Newman and his team had to figure out how to keep their moneymaker on the air without William Hartnell, their lead actor, when his health began to deteriorate in 1966. To solve this problem, they invented regeneration. The last episode Hartnell appeared in saw him stumble aboard the TARDIS after a huge alien battle, clearly badly hurt. He lay on the floor, suddenly, he changed, and Patrick Troughton was the new Doctor. Time lords do not die, they just regenerate into a new body. Same man, same memories, just a different person. The Doctor has been severe, eccentric, boyish, arrogant, and, at times, displaying a cold fury. To date, the Doctor has regenerated ten times; Matt Smith currently plays the eleventh doctor.

One of the most unique aspects about Doctor Who is its impact on the whole history of science fiction. In 1963, Doctor Who was the cutting edge of sci-fi. The show pioneered some of the aspects of sci-fi that most of us take for granted and may even find clich.

In "A Critical History of Doctor Whoon Television," Muir writes: "Many revolutionary aspects of the Doctor Who series such as time travel 'law', non-humanoid aliens, alternate dimensions, and living machines had never before been envisioned by the masses." Many of today's science fiction books, movies and television shows build on the ideas that Doctor Who introduced to pop culture.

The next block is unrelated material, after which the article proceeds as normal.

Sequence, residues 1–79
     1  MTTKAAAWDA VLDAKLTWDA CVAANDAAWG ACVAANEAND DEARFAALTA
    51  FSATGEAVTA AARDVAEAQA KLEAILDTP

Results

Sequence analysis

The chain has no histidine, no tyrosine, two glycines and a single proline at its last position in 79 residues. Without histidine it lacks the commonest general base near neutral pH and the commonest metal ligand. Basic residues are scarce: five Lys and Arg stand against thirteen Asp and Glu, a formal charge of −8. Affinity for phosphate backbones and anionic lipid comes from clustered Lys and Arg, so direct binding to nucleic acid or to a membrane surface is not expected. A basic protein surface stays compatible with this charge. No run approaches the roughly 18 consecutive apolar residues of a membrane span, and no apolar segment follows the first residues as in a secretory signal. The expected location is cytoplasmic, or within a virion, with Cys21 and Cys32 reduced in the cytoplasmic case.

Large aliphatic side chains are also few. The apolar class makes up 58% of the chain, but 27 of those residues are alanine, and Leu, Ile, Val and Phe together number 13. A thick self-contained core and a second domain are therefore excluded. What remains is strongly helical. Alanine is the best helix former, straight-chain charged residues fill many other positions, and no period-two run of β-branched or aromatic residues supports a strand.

Aside from the ingenious concept, gripping storyline, witty dialogue, and memorable characters, part of the reason Doctor Who has endured for decades is that it incorporates real life issues into the storyline. Issues of morality, G-d, loneliness, companionship, responsibility, and obligation come up in nearly every episode. Furthermore, the aliens the Doctor fights parallel issues of the time. 1960s viewers recognized the Nazis in the Daleks, the growing plastic surgery trend in the Cybermen, and the off shore oil and gas industry in the Macra. Viewers today recognize the now-rampant plastic surgery trend in Cassandra, the dieting and health craze in the Adipose, and poorly paid, ill-treated foreign workers in the Ood.